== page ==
No BMS - Do you use a fuse?

Batteries, Chargers, and Battery Management Systems.
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David LaFerney   10 mW

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No BMS - Do you use a fuse?

Post by David LaFerney » Sep 22 2016 12:01pm

If you aren't using a BMS do you use a fuse or circuit breaker? If so how do you size it?

Punx0r   100 GW

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Re: No BMS - Do you use a fuse?

Post by Punx0r » Sep 23 2016 2:43am

There's no reason you can't use a fuse with a BMS. For the fuse rating, 1.5x your maximum expected load should be about right.

DVDRW   100 W

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Re: No BMS - Do you use a fuse?

Post by DVDRW » Sep 23 2016 4:54am

Any cheap DC 50-100V ~50A fuse exists?

https://www.youtube.com/watch?v=sqcaRamjr4M :twisted:

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dogman dan   100 GW

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Re: No BMS - Do you use a fuse?

Post by dogman dan » Sep 23 2016 5:29am

You can use an automotive fuse. if one 50 amp is hard to find, you can use two wires, and a 30 amps on each positive wire.

My naked packs I don't fuse,, this is because they are pouch type RC cells, and the tabs vaporize any time there is a short that bad. So the battery cell is sort of self fusing.

But a pack with round cells and spot welds, won't do that. I have a bms as a fuse on all my round cell packs.

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spinningmagnets   100 GW

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Re: No BMS - Do you use a fuse?

Post by spinningmagnets » Sep 23 2016 5:41am

Teklektik used a breaker. He tripped it a few times and it has always worked perfectly. Its the 2WD Yuba Mundo (with Headway cells)

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Re: No BMS - Do you use a fuse?

Post by DVDRW » Sep 23 2016 6:05am

dogman dan wrote:You can use an automotive fuse. if one 50 amp is hard to find, you can use two wires, and a 30 amps on each positive wire.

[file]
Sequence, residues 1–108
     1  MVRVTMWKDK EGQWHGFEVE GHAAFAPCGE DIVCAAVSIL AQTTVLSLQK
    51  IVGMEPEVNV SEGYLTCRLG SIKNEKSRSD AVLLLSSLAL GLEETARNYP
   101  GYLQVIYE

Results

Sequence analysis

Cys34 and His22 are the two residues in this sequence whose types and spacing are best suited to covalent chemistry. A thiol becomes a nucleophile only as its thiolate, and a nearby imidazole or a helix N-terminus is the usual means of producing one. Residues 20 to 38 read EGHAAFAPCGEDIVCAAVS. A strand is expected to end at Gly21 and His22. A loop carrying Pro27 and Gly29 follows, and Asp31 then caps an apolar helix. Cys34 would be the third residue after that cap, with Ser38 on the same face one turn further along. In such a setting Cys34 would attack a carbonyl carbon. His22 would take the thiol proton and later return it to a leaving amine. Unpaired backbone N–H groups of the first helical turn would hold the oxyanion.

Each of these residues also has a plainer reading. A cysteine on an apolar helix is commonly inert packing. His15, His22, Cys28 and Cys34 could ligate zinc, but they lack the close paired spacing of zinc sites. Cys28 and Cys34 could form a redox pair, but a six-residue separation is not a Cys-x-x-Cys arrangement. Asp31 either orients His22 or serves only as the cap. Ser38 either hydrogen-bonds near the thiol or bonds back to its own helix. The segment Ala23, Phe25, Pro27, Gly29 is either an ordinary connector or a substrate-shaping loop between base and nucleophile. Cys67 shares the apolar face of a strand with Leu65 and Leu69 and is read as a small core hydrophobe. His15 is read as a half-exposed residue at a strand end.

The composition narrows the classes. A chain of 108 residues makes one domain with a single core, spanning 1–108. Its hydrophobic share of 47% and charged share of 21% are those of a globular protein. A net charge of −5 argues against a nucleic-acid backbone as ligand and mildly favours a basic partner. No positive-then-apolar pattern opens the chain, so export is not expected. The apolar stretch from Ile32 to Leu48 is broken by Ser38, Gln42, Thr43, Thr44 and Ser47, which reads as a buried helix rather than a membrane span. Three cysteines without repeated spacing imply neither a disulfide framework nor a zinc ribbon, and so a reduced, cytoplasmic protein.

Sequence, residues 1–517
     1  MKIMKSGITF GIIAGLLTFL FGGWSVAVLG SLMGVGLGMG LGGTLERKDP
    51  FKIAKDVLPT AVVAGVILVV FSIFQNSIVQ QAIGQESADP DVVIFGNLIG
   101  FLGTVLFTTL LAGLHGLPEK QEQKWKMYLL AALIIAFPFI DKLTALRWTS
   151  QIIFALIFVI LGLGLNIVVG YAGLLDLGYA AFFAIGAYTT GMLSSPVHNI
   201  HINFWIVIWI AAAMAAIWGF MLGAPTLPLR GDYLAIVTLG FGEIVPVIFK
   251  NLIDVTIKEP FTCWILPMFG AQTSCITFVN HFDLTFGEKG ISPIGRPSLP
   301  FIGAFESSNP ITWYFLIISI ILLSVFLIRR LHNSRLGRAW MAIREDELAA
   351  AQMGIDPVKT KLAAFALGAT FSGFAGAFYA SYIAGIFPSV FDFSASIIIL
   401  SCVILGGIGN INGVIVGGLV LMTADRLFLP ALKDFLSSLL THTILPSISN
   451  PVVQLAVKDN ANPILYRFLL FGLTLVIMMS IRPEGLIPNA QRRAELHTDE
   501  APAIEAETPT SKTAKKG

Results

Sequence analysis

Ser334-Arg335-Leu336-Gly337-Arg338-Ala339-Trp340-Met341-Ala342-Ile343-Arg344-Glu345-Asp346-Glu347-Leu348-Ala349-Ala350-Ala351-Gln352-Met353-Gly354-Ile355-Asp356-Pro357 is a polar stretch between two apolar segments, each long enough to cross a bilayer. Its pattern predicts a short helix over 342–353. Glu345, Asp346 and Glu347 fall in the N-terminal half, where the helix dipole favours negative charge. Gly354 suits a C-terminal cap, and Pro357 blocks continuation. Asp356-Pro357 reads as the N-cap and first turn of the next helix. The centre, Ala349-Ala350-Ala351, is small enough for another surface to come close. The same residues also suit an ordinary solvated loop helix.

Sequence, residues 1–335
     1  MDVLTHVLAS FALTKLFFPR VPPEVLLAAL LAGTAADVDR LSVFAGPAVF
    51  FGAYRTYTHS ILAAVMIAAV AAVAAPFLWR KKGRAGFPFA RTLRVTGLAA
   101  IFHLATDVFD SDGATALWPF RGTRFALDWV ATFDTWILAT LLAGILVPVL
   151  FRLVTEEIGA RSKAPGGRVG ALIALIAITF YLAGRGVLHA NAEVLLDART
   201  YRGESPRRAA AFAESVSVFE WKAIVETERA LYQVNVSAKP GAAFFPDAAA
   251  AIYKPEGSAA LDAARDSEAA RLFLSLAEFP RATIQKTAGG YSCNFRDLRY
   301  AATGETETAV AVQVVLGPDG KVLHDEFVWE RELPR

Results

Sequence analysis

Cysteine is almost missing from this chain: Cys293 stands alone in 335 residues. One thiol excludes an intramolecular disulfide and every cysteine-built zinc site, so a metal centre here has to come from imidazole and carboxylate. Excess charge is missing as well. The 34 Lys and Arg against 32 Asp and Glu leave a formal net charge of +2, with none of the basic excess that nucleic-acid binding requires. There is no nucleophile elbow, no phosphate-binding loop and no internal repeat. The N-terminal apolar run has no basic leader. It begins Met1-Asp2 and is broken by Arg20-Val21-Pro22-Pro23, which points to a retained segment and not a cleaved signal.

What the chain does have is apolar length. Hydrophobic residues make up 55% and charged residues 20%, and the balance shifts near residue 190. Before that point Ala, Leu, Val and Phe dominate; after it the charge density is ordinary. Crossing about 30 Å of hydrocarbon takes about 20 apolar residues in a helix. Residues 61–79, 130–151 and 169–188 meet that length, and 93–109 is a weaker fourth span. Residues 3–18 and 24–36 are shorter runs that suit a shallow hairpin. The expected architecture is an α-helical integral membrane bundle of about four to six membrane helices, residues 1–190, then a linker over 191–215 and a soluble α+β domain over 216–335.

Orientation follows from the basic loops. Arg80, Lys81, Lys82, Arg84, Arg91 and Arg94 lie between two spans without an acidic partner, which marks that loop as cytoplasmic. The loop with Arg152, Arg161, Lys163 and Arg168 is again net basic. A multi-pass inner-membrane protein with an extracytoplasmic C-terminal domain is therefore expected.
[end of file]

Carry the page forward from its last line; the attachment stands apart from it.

Cannot find any over 32V DC :roll:

drew12345   10 kW

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No BMS - Do you use a fuse?

Post by drew12345 » Sep 23 2016 6:25am

I used to use these kind below. I believe ice cube used them also. He might still sell them. They have ones that go up more also. Note: Ice cube mentioned something about the higher up you go, the fuse can be more explosive or loud pop. Look at his videos. I'm using breaker now. Much easier.

Install Bay MANL50 - 50 Amp Mini ANL Fuses (2 Pack)
https://www.amazon.com/dp/B004WK4TDS/re ... 5xb0QFZ4DP
Last edited by drew12345 on Sep 23 2016 9:54am, edited 1 time in total.

Punx0r   100 GW

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Re: No BMS - Do you use a fuse?

Post by Punx0r » Sep 23 2016 9:44am


fellow   1 kW

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Re: No BMS - Do you use a fuse?

Post by fellow » Sep 24 2016 7:16pm

If so how do you size it?
One possible choice is Littelfuse 0326015.MXP 15A, 125VDC, slow blow, ceramic 6mmx32mm. Sizing(15A): 15A=4h continuous, 20A=1h continuous, 30A=5 to 60 seconds. In reality, those 15A fuses never false-trip at 15A peak and can be used all day long, so sizing is really simple - just pick your peak current and that's it.
Image

If 15A value is too small for your application, there are 20A, 25A and 30A options in the same d=6mm, L=32mm format. You typically want your DC fuse to be as long as possible and sand-filled, in order to prevent unwanted arcing.

Pdf is here: http://www.littelfuse.com/data/en/Data_ ... P_326P.pdf
My 18S Q100H Frankenstein S06S project is here: http://endless-sphere.com/forums/viewto ... =6&t=68305

ltosolini   100 mW

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Re: No BMS - Do you use a fuse?

Post by ltosolini » Sep 25 2016 2:15am

On my scooter with 20S 50ah pack I use: BMS, fuse and magneto-termic switch.